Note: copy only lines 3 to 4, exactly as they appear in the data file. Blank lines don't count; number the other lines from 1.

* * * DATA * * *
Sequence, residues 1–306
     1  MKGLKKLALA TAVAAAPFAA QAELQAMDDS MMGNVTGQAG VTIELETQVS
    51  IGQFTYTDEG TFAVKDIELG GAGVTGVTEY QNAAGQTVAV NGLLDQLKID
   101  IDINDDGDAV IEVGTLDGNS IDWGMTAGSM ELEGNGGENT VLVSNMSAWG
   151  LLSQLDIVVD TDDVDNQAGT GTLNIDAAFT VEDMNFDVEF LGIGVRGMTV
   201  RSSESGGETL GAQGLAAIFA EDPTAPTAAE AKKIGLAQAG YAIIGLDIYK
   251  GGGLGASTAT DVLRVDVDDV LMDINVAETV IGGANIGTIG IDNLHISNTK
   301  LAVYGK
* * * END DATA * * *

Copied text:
    51  IGQFTYTDEG TFAVKDIELG GAGVTGVTEY QNAAGQTVAV NGLLDQLKID
   101  IDINDDGDAV IEVGTLDGNS IDWGMTAGSM ELEGNGGENT VLVSNMSAWG